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Title: Evaluation of endothelial dysfunction and pregnancy outcomes in preeclampsia
Authors: Tashie, Worlanyo
Fondjo, Linda Ahenkorah
Keywords: Endothelial Dysfunction
Issue Date: 28-Jul-2021
Abstract: Preeclampsia is a major cause of maternal and neonatal morbidity and mortality in sub-Saharan Africa. Evidence indicates that endothelial dysfunction is central to the pathogenesis of this disorder. Altered bioavailability of nitric oxide (NO∙) has been implicated in the pathogenesis of endothelial dysfunction. This study, therefore, assessed the levels and correlations between markers of endothelial dysfunction and adverse pregnancy outcomes in preeclampsia to investigate the roles of these factors in preeclampsia. This case-control study was conducted among pregnant women, with gestational age of 20-40 weeks, visiting Comboni Hospital from January 2017 to May 2018. A total of 180 pregnant women comprising 88 preeclamptic women (PE) and 92 healthy normotensive pregnant women (NP) were recruited. Socio-demographic, clinical and obstetric data were obtained. Blood pressure and anthropometrics were measured, and blood samples were collected for the estimation of NO∙, Larginine, asymmetric dimethylarginine (ADMA), 3-nitrotyrosine and 25-hydroxyvitamin D (25[OH]D) using enzyme-linked immunosorbent assay technique. Mean levels of NO∙, L-arginine/ADMA ratio and 25 (OH)D were significantly lower in PE compared to NP (p<0.05), while mean levels of L-arginine, ADMA and 3-nirotyrosine were significantly higher in PE compared to NP (p<0.05). In the women with severe preeclampsia, ADMA showed a significant positive correlation with systolic blood pressure (β= 0.454, p=0.009) and diastolic blood pressure (β= 0.469, p=0.007). Increased proportion of adverse maternal and foetal outcomes such as intrauterine growth restriction (IUGR), low birth weight neonates and preterm delivery were significantly associated with preeclamptic pregnancies compared to normotensive pregnancy (p<0.05). Preeclampsia was significantly associated with vitamin D deficiency compared to the control group (p=0.021). 81.7% of the study participants had vitamin D deficiency; 88.6% in PE compared to 75.0% in NP. 93.8% of the participants with severe preeclampsia had vitamin D deficiency compared to 85.7% in mild preeclampsia. A significant proportion of women with vitamin D deficiency had low birth weight neonates (p=0.011) and preterm delivery (p=0.015). Vitamin D status showed a positive inverse correlation with 3- nirotyrosine in the preeclamptic women (β= -0.211, p=0.049). Preeclampsia is associated with endothelial dysfunction, as evidenced by reduced levels of NO∙, L-arginine/ADMA ratio, 25(OH)D and an elevated concentration of ADMA and 3-nitrotyrosine. Combined measurements of these markers of endothelial dysfunction during pregnancy, as well as L-arginine supplementation to increase the L-arginine/ADMA ratio of preeclamptic women and women at risk of developing preeclampsia could serve as generic biomarkers for early diagnosis and management of preeclampsia.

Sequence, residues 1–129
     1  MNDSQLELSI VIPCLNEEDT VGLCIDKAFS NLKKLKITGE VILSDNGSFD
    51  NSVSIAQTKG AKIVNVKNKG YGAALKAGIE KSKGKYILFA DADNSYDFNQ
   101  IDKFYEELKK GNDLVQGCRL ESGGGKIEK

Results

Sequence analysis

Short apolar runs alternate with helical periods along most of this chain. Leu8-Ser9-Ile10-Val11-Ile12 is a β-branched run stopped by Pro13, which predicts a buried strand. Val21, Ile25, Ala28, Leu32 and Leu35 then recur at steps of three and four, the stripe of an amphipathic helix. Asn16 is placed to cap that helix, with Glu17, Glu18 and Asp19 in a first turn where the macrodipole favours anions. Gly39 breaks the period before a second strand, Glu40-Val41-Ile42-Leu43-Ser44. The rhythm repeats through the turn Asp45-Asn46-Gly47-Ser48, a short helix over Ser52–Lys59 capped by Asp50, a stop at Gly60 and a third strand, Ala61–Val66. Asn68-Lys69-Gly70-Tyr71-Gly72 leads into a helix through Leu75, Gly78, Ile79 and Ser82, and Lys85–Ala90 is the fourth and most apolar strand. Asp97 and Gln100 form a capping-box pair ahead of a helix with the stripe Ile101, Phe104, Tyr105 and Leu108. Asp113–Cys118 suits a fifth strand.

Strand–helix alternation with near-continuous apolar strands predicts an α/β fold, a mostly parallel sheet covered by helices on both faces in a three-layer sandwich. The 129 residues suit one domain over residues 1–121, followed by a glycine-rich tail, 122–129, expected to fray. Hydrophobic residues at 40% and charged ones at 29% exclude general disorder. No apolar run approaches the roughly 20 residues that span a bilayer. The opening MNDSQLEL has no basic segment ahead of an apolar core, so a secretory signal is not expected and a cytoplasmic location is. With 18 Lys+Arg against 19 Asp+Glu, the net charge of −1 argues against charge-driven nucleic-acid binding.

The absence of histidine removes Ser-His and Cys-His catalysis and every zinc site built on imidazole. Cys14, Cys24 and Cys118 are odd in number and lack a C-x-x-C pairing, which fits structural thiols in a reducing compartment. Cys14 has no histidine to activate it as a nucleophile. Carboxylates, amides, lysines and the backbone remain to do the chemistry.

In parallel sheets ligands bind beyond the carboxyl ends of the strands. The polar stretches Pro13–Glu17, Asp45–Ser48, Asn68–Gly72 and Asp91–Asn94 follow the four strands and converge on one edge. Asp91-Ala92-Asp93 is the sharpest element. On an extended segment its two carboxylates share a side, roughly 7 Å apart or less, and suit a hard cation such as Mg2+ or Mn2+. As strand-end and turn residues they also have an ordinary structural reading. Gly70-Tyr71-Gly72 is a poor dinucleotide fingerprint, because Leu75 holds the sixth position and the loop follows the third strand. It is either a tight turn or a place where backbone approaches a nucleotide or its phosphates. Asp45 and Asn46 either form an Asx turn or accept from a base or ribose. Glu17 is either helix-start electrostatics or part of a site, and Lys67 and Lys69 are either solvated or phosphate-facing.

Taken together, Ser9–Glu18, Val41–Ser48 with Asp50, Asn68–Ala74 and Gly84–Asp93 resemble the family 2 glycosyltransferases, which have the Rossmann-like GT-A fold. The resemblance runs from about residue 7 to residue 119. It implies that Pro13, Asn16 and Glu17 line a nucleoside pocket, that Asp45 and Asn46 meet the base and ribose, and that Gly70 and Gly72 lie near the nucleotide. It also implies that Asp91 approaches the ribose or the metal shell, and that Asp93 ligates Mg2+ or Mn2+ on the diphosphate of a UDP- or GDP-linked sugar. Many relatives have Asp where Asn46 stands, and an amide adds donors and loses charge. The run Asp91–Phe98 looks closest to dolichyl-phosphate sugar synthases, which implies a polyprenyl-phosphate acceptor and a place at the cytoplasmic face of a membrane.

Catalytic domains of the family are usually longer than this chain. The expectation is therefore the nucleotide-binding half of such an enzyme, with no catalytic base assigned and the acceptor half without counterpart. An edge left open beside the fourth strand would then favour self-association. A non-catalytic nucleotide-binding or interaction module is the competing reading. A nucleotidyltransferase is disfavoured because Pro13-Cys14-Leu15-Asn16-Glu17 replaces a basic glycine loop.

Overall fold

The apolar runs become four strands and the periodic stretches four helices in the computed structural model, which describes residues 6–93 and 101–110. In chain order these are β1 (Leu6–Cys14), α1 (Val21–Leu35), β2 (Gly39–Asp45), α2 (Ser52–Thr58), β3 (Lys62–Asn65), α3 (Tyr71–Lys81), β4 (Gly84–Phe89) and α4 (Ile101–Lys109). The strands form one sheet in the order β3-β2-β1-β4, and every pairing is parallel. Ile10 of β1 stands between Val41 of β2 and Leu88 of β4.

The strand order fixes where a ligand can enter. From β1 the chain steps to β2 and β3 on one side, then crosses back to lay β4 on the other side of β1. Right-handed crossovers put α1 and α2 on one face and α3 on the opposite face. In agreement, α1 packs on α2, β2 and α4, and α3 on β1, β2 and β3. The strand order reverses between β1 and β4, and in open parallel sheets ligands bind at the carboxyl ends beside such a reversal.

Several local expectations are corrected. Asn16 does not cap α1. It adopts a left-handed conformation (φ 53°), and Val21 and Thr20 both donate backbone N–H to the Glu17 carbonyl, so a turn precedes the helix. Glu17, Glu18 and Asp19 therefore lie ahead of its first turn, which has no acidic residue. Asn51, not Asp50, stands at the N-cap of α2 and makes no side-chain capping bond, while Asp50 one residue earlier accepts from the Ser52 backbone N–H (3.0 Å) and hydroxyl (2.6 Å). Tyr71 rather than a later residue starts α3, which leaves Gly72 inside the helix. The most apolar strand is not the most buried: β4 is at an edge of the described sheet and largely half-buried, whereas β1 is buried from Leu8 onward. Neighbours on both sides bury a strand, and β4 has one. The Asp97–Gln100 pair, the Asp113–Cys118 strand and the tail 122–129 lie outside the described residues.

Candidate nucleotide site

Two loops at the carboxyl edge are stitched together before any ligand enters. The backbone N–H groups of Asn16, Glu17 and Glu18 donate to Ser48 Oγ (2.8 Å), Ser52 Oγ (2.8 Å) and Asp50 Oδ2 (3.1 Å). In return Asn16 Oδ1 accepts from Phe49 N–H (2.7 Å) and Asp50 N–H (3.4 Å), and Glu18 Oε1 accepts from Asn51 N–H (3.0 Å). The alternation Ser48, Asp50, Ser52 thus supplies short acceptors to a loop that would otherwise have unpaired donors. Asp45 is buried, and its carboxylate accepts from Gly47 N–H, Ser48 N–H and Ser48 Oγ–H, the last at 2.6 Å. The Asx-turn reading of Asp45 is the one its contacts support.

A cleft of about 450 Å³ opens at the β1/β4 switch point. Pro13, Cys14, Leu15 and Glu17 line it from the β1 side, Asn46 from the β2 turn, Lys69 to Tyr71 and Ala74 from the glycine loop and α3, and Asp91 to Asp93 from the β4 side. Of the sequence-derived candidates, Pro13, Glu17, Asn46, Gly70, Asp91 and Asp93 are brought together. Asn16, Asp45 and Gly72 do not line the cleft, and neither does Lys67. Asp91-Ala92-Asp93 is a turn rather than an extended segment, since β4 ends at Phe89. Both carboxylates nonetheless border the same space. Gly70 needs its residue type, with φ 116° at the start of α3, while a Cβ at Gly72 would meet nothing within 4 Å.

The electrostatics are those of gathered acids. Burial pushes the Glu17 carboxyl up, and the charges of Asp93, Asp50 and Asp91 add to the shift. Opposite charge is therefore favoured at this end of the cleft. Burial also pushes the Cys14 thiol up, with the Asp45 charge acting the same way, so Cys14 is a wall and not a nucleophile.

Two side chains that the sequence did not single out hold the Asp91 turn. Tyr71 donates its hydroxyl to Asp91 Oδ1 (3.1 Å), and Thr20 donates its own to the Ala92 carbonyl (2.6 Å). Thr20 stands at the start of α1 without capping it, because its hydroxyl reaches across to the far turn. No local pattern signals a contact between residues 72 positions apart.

Description: A thesis submitted in fulfillment of the requirements for the Degree of Master of Philosophy in the Department of Molecular Medicine,School of Medical Sciences Kwame Nkrumah University of Science & Technology, Kumasi. June, 2019
URI: http://hdl.handle.net/123456789/14510
Appears in Collections:College of Health Sciences

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